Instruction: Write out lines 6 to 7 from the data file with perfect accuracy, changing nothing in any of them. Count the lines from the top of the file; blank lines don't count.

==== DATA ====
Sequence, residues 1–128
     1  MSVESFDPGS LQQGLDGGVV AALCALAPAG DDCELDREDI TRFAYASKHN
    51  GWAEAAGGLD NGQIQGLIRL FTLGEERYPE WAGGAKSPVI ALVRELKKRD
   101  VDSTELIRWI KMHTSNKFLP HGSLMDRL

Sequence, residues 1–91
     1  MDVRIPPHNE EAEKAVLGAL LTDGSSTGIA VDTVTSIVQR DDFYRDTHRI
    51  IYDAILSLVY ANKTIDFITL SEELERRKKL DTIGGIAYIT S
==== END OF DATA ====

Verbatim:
     1  MDVRIPPHNE EAEKAVLGAL LTDGSSTGIA VDTVTSIVQR DDFYRDTHRI
    51  IYDAILSLVY ANKTIDFITL SEELERRKKL DTIGGIAYIT S